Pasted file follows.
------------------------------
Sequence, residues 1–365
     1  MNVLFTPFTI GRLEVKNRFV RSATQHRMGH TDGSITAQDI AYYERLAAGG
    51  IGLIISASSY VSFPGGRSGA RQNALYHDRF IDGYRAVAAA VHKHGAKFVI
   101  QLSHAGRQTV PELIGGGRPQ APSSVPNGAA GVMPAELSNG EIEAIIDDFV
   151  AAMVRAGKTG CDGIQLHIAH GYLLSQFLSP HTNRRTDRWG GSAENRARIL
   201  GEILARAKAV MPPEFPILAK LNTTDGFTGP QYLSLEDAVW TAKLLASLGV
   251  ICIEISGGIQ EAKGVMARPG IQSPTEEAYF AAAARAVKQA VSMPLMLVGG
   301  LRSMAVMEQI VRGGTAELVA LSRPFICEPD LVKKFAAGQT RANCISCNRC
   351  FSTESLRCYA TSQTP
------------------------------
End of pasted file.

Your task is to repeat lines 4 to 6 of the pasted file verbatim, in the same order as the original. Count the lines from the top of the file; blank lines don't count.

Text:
   101  QLSHAGRQTV PELIGGGRPQ APSSVPNGAA GVMPAELSNG EIEAIIDDFV
   151  AAMVRAGKTG CDGIQLHIAH GYLLSQFLSP HTNRRTDRWG GSAENRARIL
   201  GEILARAKAV MPPEFPILAK LNTTDGFTGP QYLSLEDAVW TAKLLASLGV